Then I realized I was doing it again — that thing I do as a young adult, trying to recreate something that no longer exists. I can never go back to being a little girl whose primary job in the kitchen is eating the cookies, not making them. I can never go back to being the recipient of Santa’s generosity, not the jolly old fellow himself. I can never go back to not being in charge of the budget or responsible for planning the day’s events or making the Christmas magic happen. Christmas wasn’t going to feel the same, because it, frankly, wasn’t the same.

Even when I go home for Christmas, it’s not the same. Someone’s always missing, off fulfilling their holiday obligations with their significant other’s family. There’s only one kid unjaded enough to get excited about Christmas cookies and decorating the tree. Some of the family traditions have stopped completely due to all the adolescent inertia in a house full of teenagers.

Christmas couldn’t be found there, either.

But the Grinch hadn’t stolen it completely.

Sure, we didn’t watch any of the holiday movies our families watched, and we didn’t get the tree up until eight days before Christmas, and we don’t have access to my dad’s complete collection of Mannheim Steamroller CDs, and, realistically, we probably won’t do a fraction of the things I wanted to do. And yeah, decorating sugar cookies doesn’t get me in the mood for Christmas anymore.

But we don’t have to do those things for it to be Christmas, and those old traditions don’t have to work magic in the way they used to. We’re our own little family, our own persons, and Christmas comes to life in different ways now.

That’s where all the anxiety and frustration was coming from — I wasn’t okay with that, with growing up, and accepting that things are different, so Christmas will be different too.

The Grinch didn’t return many of the old traditions that growing up stole — but their absence inspired some new ones. And when I look back at this Christmas season, I’m satisfied. I’m happy. I’m in the Christmas spirit — even if it’s eight days before Christmas and we only just decorate our home.

We spent a frosty day picking and cutting down our way-too-tall Christmas tree, sharing a kiss under the mistletoe at the owner’s bequest, and drinking hot cocoa with my brother-in-law who works on the tree farm.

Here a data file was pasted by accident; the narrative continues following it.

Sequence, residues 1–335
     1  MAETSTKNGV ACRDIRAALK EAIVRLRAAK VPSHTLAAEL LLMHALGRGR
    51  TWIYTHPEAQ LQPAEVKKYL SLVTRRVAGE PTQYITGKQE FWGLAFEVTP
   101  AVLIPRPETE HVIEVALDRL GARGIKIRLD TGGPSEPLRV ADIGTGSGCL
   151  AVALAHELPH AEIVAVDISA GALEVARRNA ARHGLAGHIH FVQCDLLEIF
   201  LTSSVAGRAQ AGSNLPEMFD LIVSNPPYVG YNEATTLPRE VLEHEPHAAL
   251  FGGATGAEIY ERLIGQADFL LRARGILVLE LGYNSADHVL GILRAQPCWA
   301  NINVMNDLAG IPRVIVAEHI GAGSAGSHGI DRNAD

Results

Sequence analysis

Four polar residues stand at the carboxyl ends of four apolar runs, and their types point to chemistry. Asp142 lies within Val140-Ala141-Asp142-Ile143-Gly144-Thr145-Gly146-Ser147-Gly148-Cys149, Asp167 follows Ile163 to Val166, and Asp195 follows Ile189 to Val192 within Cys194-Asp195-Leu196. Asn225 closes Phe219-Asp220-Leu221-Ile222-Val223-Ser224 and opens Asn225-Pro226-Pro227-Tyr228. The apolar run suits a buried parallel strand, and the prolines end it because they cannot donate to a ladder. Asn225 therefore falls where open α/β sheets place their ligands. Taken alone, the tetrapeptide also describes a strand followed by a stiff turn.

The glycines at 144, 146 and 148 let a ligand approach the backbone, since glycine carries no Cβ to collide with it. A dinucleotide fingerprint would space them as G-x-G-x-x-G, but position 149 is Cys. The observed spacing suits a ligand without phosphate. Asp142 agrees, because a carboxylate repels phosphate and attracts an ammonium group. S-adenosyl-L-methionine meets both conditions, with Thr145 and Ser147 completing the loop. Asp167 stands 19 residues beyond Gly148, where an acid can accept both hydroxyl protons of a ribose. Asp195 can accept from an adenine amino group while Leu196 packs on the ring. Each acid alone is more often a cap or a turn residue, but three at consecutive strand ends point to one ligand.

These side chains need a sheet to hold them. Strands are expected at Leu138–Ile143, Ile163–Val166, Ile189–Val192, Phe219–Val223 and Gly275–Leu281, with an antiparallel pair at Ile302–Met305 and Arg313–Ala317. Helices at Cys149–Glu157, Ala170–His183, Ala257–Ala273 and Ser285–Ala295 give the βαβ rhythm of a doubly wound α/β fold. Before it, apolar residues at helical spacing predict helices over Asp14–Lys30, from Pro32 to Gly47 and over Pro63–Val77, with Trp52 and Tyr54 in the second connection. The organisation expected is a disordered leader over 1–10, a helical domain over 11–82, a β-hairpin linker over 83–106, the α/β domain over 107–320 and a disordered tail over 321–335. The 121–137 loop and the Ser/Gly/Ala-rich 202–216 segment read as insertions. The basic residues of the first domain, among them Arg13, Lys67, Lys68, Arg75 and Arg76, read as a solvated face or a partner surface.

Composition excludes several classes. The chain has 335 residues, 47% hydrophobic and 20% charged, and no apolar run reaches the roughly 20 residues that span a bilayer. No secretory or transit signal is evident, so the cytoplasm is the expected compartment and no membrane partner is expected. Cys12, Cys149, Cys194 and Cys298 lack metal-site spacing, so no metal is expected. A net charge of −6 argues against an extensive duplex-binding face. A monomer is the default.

We light two candles at every shared meal pretending that they’re Advent candles, since, after all, there were only two Sundays in Advent left by the time we set them up. We didn’t do any of the accompanying readings or prayers or songs, but there’s always next year.

My church gives us plenty of opportunities to sing Christmas carols, both in and out of service, and I love communal caroling.

I play Spotify Christmas playlists as background noise.

I sang through Handel’s Messiah — all of it — because that’s my favorite Christmas music of all. And maybe I’ll start over and sing the alto parts now.

What’s to stop me from eating the raw cookie dough and frosting left over from our failed cookie decorating endeavors?

But my very, very favorite — we read A Christmas Carol out loud. Next up is The Best Christmas Pageant Ever and, of course, How the Grinch Stole Christmas. I hope that’s a tradition that carries on forever. But even if it doesn’t, in some other season of grown up life, I know there’s something else out there that can make Christmas feel exactly like Christmas is supposed to be.

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7 thoughts on “When the Grinch Steals Christmas

  1. Rebekah

    Yes, yes!! It can be hard when Christmas changes as you grow up. I had a few years around high school where my depression was bad around the holidays too. There’s not much worse than feeling hopeless at Christmastime. But, as you said, once you let go of the magic it used to feel like, you can enjoy the new feelings. And, cliche though it be, the True Gift/Real Reason becomes more special to me every year.

    And the Messiah is so, so good! My family started going to a Sing-it-Yourself Messiah a few years ago with a live orchestra and soloists and it’s become one of my absolute favorite traditions.

    Like

  2. Rebekah

    Yess!! We drive maybe an hour and a half to go, but it’s so worth it. You should look it up next year and see if someone’s organizing one near you!

    Like